Haiti forms interim government as president steps down

Haitian politicians agree to form transitional government to fill power vacuum as President Michel Martelly steps down.

    Haiti forms interim government as president steps down
    Haiti's president Michel Martelly signs the agreement for an interim government as he steps down [Andres Martinez Casares/Reuters]

    Haitian leaders have signed an agreement to install a caretaker government as President Michel Martelly steps down amid violent protests and with no successor in sight.

    Under Saturday's deal, the interim government will run for four months before holding presidential elections by April 24 and transferring power to the winner in the following month.

    "Despite this agreement, we will need to continue to remain vigilant because there are people who won't agree," Martelly, whose term comes to end on Sunday, said at an event with foreign diplomats at the palace.

    A presidential runoff due to be held in January was scrapped after opposition candidate Jude Celestin threatened to boycott the vote over allegations of fraud in the first round, and protesters took to the streets.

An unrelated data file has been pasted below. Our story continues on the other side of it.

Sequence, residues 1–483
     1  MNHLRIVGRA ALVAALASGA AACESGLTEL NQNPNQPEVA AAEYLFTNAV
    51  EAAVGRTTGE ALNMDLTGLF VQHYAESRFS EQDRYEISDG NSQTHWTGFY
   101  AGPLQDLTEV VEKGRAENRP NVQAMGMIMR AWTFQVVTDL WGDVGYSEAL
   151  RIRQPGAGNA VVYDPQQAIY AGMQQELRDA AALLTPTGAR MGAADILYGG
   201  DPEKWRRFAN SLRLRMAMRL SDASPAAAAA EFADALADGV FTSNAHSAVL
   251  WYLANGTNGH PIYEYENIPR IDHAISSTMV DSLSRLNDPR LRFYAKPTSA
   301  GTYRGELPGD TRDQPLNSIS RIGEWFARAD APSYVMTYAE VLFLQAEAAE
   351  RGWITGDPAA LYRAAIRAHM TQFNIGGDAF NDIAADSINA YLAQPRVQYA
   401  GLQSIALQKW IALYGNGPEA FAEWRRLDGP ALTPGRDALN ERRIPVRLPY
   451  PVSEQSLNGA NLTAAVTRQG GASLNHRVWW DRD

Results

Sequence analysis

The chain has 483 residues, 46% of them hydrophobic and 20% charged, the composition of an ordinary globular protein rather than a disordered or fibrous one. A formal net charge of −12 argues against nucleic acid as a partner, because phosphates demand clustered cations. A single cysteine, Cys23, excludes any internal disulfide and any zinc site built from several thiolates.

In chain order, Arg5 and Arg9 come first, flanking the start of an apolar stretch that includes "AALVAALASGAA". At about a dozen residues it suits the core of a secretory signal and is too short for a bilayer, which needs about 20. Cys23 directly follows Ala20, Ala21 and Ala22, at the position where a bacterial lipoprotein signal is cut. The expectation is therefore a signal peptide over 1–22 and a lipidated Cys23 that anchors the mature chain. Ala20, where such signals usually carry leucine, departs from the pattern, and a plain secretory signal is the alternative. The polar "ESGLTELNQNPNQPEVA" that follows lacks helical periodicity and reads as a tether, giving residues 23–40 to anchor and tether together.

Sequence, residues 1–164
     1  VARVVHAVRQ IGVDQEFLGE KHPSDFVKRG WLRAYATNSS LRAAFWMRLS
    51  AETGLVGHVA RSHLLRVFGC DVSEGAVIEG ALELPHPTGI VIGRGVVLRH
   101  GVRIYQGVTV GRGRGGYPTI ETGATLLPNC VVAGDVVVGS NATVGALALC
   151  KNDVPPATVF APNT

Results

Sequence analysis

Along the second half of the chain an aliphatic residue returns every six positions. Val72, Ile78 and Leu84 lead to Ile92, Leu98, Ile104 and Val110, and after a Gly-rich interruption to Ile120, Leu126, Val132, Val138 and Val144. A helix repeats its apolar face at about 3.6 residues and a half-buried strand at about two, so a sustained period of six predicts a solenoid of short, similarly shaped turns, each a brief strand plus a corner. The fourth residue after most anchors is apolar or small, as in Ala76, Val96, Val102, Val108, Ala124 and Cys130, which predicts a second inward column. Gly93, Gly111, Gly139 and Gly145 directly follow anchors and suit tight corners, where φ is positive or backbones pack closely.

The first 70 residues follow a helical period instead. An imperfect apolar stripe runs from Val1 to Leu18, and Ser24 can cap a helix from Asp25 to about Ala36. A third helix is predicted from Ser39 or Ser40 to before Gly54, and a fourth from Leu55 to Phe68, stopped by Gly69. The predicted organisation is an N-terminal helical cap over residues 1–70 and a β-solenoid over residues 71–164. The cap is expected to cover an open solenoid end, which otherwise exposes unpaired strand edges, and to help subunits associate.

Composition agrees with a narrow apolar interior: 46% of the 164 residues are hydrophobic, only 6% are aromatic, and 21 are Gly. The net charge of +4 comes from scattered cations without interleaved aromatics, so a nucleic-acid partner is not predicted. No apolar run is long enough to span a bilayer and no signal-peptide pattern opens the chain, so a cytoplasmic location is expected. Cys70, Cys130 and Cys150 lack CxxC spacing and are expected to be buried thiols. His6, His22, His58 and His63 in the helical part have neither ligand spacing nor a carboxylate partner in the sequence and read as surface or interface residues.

The Haitian capital, Port-au-Prince, has since then witnessed daily protests by both opposition and government supporters culminating in the lynching of a former soldier during a march on Friday.

    The main challenge for the caretaker government will be to overcome deep disagreements about how the election should be organised and which candidates can participate.

    In 2004, when the elected president Jean-Bertrand Aristide was toppled in a coup, it took the transitional government two years to organise elections.

    SOURCE: Agencies


    'We will cut your throats': The anatomy of Greece's lynch mobs

    The brutality of Greece's racist lynch mobs

    With anti-migrant violence hitting a fever pitch, victims ask why Greek authorities have carried out so few arrests.

    The rise of Pakistan's 'burger' generation

    The rise of Pakistan's 'burger' generation

    How a homegrown burger joint pioneered a food revolution and decades later gave a young, politicised class its identity.

    From Cameroon to US-Mexico border: 'We saw corpses along the way'

    'We saw corpses along the way'

    Kombo Yannick is one of the many African asylum seekers braving the longer Latin America route to the US.